On a smaller scale, the tiki bar contained all of this and appealed to the economics of the era. Despite the fact that more and more people were able to travel, the luxuries of a quick getaway to the tropics by way of a drink or two in the recesses of a dim and lushly decorated bar appealed to the throngs of people joining the hectic workforce in the late 50s and 60s.
“If you can’t get to paradise, I’ll bring it to you,” Gantt told his customers.
Trader Sam’s incorporates elements from these little bastions of escapism, including the mai-tai. Don the Beachcomber, in particular, popularized rum-based drinks as a standard of the tiki dining establishment. Gantt did this as rum was the least expensive of the spirits, and he had sampled a variety in his travels. When Don the Beachcomber opened, he put together an exotic menu of rum-based drinks that complemented his theme and scratched the names on a board behind the bar.
The mai-tai in particular was an icon of the tiki-craze that swept the United States in the post-war era and its invention was hotly contested by Gantt and Trader Vic, who also opened a line of tiki bars around the nation, after Gantt’s original bar flourished. Gantt and Vic also popularized cocktails such as the Scorpion and the Zombie, another of Trader Sam’s signature beverages.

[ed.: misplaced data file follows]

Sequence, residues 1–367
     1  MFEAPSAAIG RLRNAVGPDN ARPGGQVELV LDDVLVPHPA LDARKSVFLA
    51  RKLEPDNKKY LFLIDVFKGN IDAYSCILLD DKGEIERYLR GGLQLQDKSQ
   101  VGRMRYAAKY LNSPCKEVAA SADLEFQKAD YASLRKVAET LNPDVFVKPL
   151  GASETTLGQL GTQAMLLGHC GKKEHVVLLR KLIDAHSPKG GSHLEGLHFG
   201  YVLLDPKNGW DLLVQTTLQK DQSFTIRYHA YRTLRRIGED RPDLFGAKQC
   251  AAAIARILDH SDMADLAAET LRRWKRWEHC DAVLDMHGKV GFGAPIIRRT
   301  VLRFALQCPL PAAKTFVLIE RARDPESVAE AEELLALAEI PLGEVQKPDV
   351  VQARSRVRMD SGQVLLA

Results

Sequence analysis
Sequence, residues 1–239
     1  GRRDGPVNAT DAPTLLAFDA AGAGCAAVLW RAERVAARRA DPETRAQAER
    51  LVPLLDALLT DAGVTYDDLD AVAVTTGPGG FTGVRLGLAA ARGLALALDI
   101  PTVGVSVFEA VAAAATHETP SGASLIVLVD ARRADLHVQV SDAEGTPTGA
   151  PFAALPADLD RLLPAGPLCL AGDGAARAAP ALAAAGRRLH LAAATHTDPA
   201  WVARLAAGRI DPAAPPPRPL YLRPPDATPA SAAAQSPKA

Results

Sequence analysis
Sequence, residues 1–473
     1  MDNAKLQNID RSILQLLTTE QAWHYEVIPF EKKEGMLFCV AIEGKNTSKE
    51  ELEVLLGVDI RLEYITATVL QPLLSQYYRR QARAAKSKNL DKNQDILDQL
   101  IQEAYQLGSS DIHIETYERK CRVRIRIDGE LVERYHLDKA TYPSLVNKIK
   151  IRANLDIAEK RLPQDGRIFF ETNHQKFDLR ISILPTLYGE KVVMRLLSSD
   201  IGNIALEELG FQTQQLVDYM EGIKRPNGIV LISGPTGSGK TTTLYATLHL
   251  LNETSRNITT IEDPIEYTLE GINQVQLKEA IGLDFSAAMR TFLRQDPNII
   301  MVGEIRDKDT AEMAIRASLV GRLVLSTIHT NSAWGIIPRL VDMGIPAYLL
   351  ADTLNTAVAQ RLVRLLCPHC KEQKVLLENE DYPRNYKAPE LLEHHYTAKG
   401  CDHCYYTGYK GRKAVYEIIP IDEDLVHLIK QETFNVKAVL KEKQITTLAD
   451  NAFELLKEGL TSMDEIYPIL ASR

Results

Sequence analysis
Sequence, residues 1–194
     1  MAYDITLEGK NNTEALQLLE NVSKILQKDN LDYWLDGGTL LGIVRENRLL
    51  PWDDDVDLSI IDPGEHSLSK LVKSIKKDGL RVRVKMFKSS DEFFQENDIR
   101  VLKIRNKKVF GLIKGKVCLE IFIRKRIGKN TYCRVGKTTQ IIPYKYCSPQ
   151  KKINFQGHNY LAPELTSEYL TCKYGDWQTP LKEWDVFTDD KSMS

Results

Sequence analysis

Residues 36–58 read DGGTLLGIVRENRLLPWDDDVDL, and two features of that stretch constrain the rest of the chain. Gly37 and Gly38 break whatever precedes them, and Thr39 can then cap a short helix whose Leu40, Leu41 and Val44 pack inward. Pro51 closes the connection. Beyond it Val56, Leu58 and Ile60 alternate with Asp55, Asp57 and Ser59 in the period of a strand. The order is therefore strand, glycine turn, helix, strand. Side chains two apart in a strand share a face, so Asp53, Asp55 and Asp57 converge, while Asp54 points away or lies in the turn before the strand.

However, the idea of putting Trader Sam’s in the Disney resorts was likely drawn from the inclusion of a Tiki Bar in Walt Disney’s gleaming city of the future, the E.P.C.O.T prototype. The original plans called for an A-frame tiki bar on the outskirts of the residential green belt.
But how did a forgotten idea for a Disney tiki bar, likely from Walt Disney himself, come to fruition forty years later at the Disneyland Hotel?
The Disneyland Hotel, in its newest incarnation, is dedicated to the rich history of Disneyland itself, with most of that history dwelling in the resort’s formative years of the 1950s and 60s. Notably, a copy of the original Disneyland sign resides above the hotel’s pool.
In determining a new bar and restaurant combination to add to the Disneyland Hotel, the idea of a tiki bar likely came about in Imagineering as a way to pay tribute to California’s own slice of Tiki history — easily the most popular style of bar during this era.